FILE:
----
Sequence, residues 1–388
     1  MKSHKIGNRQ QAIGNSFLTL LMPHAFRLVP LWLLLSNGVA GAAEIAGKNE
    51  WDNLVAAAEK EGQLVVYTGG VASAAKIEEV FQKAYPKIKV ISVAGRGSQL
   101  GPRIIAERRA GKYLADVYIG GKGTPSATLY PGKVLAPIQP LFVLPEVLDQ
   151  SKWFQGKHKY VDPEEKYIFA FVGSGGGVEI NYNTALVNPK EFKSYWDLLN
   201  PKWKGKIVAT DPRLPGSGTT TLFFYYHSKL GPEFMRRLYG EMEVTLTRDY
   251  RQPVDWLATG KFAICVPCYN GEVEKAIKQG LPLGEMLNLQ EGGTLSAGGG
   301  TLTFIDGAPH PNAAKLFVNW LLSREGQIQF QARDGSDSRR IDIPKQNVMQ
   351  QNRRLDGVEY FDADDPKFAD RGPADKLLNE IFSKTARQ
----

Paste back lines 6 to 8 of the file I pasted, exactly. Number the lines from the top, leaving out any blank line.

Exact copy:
   201  PKWKGKIVAT DPRLPGSGTT TLFFYYHSKL GPEFMRRLYG EMEVTLTRDY
   251  RQPVDWLATG KFAICVPCYN GEVEKAIKQG LPLGEMLNLQ EGGTLSAGGG
   301  TLTFIDGAPH PNAAKLFVNW LLSREGQIQF QARDGSDSRR IDIPKQNVMQ